Some animals spend their lives in constant motion – dashing, jumping, flitting, swimming, running, swinging and soaring about – while others are veritable couch potatoes. Differences in daily physical activity can occur because of ecological disparities, such as relative predation risk or proximity to resources; or internal factors, such as individual needs, motivations and physical limitations. There is also another reason why individuals vary in the amount of time they spend moving – personality. Animal personalities are generally thought to vary in terms of how willing they are to explore, their boldness, aggressiveness and sociability. Regular exercise has been shown to elicit increased motivation to continue exercising (i.e. it changes behavior). Elektra Sinclair, of the University of Sydney, and her international team of collaborators asked the question: if exercise can change some behaviors, can it also affect personality? Could the personalities of the mosquitofish she studied be altered by changing the amount of time they were required to exercise each day, i.e. would shy, sedentary fish be molded into lean, mean, venturous machines?
Sinclair and her colleagues caught wild mosquitofish and housed some of them in tanks where water flowed continuously (exercise groups), and some in tanks where the water was still (control groups). After 28 days, they tested the maximum swimming speed and strength of the fish in each group, and how quickly each fish left a novel refuge, as well as the distance the fish explored throughout the tank. Lastly, the authors placed similarly sized pairs of males within each treatment group together and recorded the behavior of the males when they came in contact with each other, to determine which group of males was more aggressive towards other males. Sinclair and her team found that not only were the fish that had been undergoing fitness training for a month significantly better swimmers, relative to the sedentary group, but also they were bolder, explored more and were more aggressive with other males.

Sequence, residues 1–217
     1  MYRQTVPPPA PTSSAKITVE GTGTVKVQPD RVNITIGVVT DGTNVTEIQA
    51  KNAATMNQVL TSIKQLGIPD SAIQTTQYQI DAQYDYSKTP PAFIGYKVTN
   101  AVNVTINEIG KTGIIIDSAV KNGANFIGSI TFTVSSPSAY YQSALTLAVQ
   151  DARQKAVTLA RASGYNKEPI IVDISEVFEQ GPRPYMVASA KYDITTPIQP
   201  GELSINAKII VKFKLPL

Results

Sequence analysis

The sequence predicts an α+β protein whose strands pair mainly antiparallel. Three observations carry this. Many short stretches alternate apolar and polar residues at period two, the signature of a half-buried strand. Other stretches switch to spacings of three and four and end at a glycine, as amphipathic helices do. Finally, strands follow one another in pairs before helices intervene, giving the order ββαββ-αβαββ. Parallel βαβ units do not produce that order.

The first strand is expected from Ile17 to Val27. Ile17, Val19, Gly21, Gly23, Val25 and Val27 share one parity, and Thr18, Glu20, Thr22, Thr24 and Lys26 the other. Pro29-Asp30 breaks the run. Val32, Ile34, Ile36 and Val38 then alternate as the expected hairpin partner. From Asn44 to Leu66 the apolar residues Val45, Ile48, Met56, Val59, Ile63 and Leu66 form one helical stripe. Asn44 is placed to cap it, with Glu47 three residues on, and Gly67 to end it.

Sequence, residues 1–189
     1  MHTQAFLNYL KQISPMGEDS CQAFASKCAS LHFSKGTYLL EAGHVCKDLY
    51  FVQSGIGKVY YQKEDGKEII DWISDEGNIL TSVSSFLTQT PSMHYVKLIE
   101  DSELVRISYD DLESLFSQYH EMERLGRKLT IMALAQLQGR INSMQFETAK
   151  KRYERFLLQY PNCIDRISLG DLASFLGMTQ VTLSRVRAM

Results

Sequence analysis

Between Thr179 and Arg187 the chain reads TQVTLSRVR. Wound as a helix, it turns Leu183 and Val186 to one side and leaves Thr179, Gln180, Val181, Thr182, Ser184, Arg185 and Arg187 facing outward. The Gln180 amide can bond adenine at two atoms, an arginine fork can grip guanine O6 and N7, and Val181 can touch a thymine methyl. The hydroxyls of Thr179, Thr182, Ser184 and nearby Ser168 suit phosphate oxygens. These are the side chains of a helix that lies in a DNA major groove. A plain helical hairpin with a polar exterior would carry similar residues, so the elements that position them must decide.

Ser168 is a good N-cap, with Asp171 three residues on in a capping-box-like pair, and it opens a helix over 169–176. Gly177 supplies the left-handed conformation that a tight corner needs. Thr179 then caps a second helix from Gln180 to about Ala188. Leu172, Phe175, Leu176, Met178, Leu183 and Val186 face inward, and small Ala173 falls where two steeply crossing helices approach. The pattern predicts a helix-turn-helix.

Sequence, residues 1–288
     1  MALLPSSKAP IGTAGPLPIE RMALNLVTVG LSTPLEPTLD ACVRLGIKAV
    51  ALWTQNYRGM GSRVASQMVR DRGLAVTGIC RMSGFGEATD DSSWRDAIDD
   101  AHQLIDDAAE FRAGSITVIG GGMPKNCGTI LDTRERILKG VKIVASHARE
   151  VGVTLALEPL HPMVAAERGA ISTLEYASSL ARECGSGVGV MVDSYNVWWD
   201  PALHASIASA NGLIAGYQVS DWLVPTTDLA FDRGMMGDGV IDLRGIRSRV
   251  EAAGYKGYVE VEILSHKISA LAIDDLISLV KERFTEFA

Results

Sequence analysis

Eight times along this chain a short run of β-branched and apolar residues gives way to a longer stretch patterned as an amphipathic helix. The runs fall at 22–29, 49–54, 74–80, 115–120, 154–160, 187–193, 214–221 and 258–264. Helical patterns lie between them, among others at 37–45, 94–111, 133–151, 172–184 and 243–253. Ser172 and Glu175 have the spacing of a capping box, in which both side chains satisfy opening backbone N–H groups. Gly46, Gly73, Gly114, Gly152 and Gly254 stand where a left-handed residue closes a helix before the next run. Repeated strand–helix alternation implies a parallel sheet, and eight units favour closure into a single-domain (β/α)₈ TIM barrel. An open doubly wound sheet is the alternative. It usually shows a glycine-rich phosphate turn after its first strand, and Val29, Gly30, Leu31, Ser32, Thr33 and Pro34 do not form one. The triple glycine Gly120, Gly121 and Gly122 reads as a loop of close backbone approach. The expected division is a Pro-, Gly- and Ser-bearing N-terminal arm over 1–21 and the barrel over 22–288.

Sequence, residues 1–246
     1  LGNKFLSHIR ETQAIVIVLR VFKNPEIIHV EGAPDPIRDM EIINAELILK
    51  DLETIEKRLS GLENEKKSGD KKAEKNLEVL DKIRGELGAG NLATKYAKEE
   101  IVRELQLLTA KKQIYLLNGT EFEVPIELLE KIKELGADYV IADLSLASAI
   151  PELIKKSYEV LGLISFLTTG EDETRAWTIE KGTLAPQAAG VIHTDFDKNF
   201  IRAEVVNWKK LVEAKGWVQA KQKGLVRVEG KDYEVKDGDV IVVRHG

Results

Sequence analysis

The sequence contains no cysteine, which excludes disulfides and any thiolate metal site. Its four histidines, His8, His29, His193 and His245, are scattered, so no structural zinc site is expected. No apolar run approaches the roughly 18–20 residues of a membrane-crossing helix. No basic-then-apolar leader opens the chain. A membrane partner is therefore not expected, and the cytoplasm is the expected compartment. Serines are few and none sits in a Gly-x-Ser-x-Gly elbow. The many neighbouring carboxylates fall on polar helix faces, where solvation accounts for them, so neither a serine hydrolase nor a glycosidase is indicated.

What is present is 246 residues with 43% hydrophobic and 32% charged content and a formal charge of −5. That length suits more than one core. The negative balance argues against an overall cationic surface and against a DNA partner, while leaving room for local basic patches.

To test whether it was the increased locomotor performance that influenced the behavior of the fish (that is, enhanced performance gave them a boost that encouraged boldness), the authors repeated the treatments (with exercise and without) with new sets of fish, but before the behavioral tests, they administered a calcium channel blocker (nifedipine) to the exercised fish to reduce swimming performance. As expected, the nifedipine-treated fit fish did not out-swim the sedentary fish. And, following the treatment, the fit fish were no more eager to explore or aggressive than the control fish. Surprisingly, however, the nifedipine had no effect on boldness. The nifedipine-treated fit fish fearlessly continued to leave their refuges sooner than the control fish.
By forcing the fish to swim regularly, the authors improved the fish's overall locomotor performance via increased cardiovascular, muscular and metabolic function, releasing them from the physiological constraint imposed by inactivity. The interplay between ecology, physiology and behavior demonstrated in this study has far-reaching implications. Not only are differences in personality at the population level potentially mediated by the specific physical demands of the local habitat but also animal personalities are labile and reversible. In addition, the training effects on personality should not be ignored in studies of performance. This study also suggests that the best way to get, and stay, motivated is to start moving. So start moving.